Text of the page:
BoJ move shows limit of central bank powers
TOKYO: Japan’s central bank has revealed yet another exotic weapon to generate growth, but sceptics say all it shows is that the armoury is empty and a long battle against deflation is being lost.
With the European Central Bank apparently set to embark down a similar path and the Federal Reserve treading very lightly, some analysts are saying the Bank of Japan’s (BoJ) move is an admission of defeat and a warning of the limits of central bank power.
After a hotly anticipated meeting yesterday, the BoJ said it would switch its emphasis from interest rates and concentrate its firepower on 10-year government bonds.
Governor Haruhiko Kuroda said the bank would buy as many or as few of these benchmark instruments as necessary to ensure the yield – the interest rate paid to holders – remained steady at around zero.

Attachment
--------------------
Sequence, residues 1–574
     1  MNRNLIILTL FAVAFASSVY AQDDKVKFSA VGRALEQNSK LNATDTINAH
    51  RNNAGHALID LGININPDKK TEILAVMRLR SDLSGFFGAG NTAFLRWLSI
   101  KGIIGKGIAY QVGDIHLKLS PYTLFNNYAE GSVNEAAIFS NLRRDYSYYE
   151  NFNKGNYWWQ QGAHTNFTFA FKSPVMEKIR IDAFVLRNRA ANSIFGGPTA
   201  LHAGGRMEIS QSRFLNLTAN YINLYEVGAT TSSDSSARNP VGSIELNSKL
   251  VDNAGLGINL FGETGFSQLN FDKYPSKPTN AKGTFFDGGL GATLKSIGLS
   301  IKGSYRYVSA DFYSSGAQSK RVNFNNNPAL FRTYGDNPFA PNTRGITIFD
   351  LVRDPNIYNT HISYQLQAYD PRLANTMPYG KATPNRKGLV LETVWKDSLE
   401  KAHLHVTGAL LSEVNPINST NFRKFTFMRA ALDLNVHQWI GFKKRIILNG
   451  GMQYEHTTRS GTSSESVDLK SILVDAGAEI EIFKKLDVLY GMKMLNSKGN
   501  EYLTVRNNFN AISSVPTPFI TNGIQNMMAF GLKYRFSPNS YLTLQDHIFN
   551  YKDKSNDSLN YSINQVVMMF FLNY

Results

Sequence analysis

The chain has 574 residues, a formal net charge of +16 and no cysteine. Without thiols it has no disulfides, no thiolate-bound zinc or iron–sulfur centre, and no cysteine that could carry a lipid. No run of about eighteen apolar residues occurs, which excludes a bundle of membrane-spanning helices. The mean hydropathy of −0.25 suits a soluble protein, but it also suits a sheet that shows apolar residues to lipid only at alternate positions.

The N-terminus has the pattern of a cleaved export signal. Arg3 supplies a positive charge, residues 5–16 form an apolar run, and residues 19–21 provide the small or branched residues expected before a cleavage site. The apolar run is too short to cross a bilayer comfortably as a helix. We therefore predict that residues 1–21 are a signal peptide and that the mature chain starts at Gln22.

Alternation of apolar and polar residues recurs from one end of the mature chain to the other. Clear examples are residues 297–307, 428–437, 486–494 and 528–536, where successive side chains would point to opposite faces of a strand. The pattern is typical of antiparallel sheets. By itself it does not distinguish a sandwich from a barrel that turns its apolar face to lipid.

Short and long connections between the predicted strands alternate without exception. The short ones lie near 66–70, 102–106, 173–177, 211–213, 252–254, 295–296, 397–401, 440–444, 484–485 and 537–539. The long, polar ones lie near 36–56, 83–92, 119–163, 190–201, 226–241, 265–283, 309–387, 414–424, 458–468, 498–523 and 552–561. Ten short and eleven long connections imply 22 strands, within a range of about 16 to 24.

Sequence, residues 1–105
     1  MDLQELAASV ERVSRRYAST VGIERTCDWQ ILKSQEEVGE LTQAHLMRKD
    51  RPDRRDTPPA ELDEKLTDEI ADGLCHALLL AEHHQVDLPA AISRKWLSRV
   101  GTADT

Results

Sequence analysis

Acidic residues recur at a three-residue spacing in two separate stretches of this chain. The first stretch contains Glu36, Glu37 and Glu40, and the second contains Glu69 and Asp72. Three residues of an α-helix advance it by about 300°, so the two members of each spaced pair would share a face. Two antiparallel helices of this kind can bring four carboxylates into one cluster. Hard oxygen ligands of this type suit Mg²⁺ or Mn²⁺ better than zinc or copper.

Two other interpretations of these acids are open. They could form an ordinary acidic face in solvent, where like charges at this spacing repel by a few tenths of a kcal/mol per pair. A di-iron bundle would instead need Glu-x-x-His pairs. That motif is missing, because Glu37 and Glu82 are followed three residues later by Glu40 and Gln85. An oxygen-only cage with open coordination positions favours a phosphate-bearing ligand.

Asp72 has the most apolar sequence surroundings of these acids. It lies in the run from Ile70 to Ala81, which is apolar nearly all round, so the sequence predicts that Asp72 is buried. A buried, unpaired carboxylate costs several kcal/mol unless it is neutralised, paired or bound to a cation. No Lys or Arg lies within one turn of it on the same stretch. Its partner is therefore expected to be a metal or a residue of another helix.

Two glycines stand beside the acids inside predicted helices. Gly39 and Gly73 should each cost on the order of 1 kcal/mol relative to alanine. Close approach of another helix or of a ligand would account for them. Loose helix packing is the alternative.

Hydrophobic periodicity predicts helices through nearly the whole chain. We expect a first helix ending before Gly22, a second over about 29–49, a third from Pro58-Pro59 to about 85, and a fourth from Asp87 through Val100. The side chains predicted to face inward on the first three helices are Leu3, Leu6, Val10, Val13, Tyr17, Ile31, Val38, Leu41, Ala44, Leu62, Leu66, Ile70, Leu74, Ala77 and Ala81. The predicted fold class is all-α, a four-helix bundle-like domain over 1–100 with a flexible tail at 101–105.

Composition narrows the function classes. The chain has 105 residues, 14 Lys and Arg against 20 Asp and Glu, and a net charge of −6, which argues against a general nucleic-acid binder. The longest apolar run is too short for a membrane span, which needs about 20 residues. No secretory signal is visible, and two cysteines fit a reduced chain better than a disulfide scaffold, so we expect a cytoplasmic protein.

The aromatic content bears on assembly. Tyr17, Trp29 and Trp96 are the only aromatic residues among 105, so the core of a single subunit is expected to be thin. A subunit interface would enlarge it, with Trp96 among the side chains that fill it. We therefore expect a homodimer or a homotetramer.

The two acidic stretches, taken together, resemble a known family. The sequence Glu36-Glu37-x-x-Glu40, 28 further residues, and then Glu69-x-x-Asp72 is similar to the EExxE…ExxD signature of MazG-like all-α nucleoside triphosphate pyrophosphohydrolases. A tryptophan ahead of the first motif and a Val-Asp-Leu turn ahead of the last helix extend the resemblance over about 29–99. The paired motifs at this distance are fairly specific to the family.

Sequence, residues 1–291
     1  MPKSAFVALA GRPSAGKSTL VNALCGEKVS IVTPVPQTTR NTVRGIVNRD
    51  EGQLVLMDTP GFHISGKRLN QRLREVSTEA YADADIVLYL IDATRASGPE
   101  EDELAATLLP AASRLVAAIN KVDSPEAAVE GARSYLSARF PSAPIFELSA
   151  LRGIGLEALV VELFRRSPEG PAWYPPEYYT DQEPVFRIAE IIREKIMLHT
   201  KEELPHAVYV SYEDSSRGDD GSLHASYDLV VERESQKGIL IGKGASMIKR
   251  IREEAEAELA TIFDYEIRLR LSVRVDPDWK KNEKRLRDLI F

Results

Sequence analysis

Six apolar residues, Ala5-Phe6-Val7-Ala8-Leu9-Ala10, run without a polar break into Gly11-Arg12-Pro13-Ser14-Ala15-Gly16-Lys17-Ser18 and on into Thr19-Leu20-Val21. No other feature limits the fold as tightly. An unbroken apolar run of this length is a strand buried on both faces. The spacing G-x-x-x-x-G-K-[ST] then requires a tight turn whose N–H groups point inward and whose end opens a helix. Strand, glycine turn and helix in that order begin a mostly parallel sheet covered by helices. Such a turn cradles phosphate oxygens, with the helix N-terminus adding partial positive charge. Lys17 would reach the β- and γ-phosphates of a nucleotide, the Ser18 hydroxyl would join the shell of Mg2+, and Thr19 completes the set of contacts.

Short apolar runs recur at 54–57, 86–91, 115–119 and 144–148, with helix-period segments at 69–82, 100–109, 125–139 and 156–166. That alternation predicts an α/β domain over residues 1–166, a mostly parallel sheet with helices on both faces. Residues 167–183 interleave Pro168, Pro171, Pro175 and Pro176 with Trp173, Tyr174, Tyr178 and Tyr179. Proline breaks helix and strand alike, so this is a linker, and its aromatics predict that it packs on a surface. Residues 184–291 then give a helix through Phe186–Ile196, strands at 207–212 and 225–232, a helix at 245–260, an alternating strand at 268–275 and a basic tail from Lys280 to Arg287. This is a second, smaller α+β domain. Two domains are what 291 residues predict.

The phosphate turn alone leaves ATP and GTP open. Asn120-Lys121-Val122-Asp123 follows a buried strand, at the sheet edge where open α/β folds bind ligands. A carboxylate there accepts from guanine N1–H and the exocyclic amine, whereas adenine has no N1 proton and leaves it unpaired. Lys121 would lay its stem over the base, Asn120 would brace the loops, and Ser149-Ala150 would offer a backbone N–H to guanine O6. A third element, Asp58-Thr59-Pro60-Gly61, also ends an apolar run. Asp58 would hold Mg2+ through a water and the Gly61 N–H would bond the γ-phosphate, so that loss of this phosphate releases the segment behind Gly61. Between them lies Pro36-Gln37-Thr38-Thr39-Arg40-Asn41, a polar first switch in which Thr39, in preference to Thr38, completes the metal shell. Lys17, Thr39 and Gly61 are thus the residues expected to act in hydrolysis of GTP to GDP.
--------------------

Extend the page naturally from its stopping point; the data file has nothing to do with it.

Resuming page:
He also pledged he would cut back on the number of longer dated bonds the bank holds. That should reduce the price of long-term securities, which in turn, should increase their yield.
This so-called steepening of the yield curve is the latest effort to convince Japanese consumers that the price of goods and services will rise in the future.
The idea is that if people think prices will rise, they’ll rush out to spend their money, causing prices to actually increase.
But the problem, say analysts, is that after more than three years of bootlessly insisting that inflation is coming back (it has barely budged) Kuroda is low on credibility.
“It’s hard not to see the BoJ statement as a further sign that it it is running out of ideas,” said George Magnus, an adviser to UBS Group AG, Bloomberg reported. – AFP
People walk past the teller counter inside Indonesia’s central bank, Bank Indonesia, in Jakarta yesterday.